Fear, anger and enthusiasm about the European Union: Effects of emotional reactions on public preferences towards European integration

Sofia Vasilopoulou, Markus Wagner

Research output: Contribution to journalArticlepeer-review


How do emotions affect public opinion on the European Union? This article advances existing literature that focuses on cue-taking, utilitarianism and identity by arguing that emotional reactions are important to understanding citizen attitudes towards the European Union. This is because discrete emotions such as fear, anger and enthusiasm affect how individuals deal with threats and how they seek out, process and use information. We hypothesise that, compared to anxious citizens, those angry with the European Union are more likely to wish to leave the European Union, less receptive to cost–benefit considerations, and less nuanced in their opinions about integration. Our analyses, carried out using a survey conducted in the UK in April 2015, support our hypotheses. These results help us predict the effectiveness of political strategies, e.g. in referendum campaigns.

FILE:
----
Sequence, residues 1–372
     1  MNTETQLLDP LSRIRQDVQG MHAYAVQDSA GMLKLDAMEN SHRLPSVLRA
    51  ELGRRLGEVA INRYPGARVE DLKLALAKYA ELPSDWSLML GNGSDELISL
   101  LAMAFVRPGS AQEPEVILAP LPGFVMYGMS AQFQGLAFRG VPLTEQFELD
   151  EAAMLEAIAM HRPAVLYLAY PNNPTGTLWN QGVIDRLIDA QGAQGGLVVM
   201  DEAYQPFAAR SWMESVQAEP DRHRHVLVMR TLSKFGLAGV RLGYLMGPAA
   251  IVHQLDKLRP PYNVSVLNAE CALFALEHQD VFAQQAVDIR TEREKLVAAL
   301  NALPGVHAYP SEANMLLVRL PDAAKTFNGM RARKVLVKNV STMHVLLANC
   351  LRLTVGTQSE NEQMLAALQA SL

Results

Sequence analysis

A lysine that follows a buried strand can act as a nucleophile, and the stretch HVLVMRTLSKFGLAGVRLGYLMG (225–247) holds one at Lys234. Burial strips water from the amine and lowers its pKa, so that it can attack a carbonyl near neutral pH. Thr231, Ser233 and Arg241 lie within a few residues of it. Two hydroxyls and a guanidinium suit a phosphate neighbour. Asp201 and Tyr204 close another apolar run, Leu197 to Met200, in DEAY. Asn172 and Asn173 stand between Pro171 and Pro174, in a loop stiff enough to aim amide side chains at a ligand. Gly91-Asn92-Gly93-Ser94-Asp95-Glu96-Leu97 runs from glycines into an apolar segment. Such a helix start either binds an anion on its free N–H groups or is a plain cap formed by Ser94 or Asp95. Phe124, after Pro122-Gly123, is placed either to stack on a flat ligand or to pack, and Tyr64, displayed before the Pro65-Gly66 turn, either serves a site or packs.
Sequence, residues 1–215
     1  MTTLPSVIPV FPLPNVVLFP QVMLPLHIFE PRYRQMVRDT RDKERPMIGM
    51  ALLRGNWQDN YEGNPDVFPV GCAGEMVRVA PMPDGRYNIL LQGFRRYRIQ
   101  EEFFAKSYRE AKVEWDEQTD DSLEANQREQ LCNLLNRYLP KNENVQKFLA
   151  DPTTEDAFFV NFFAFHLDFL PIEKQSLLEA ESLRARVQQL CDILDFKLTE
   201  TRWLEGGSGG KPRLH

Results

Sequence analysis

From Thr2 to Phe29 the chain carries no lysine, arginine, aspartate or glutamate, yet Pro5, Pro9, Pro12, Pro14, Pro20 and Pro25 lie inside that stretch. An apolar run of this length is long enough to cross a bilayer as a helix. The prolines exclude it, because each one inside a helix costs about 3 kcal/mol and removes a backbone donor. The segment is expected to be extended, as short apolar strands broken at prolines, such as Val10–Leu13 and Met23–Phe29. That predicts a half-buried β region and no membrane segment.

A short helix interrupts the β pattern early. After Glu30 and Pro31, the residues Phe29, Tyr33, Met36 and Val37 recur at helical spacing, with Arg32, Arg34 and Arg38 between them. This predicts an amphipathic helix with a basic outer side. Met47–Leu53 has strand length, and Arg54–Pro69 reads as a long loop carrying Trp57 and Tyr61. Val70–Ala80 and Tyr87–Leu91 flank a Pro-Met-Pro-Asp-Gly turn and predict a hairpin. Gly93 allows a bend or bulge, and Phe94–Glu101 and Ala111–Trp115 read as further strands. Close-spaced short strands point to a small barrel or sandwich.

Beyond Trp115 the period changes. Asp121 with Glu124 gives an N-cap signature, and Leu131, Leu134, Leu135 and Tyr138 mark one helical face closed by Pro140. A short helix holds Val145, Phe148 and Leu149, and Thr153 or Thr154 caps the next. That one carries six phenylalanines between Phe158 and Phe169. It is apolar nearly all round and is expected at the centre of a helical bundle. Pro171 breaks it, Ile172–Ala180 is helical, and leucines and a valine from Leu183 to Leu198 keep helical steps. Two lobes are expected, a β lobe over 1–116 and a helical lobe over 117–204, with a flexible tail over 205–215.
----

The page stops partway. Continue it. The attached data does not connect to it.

Original languageEnglish
Pages (from-to) 382–405
Number of pages24
JournalEuropean union politics
Issue number3
Early online date29 Mar 2017
Publication statusPublished - 2017

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© The Author(s) 2017. This is an author-produced version of the published paper. Uploaded in accordance with the publisher’s self-archiving policy. Further copying may not be permitted; contact the publisher for details.


  • Anger
  • Euroscepticism
  • emotional reactions
  • enthusiasm
  • fear

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